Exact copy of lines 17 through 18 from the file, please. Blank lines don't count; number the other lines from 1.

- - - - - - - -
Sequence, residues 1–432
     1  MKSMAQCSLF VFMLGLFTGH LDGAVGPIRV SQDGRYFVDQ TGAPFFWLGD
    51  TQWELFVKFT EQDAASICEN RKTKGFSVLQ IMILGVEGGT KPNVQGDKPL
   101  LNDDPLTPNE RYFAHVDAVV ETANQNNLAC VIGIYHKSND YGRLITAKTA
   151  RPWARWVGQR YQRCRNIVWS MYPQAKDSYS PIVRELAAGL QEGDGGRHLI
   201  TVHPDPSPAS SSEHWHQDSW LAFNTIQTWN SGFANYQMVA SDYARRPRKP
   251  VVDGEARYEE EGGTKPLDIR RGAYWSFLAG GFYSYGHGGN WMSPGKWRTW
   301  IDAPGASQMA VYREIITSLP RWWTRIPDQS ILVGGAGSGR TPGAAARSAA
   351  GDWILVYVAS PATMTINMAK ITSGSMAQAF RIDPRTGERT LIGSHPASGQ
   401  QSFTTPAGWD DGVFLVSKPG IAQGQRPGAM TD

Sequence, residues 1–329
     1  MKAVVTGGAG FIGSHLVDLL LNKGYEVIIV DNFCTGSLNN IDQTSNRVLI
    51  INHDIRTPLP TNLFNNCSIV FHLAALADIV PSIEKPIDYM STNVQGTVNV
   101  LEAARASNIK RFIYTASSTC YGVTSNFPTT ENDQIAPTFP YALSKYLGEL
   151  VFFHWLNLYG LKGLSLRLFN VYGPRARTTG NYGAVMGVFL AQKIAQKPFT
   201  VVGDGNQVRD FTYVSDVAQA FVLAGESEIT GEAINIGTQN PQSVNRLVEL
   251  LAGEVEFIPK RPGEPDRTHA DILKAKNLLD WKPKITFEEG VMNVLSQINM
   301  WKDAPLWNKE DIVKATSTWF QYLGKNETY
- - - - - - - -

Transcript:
   251  LAGEVEFIPK RPGEPDRTHA DILKAKNLLD WKPKITFEEG VMNVLSQINM
   301  WKDAPLWNKE DIVKATSTWF QYLGKNETY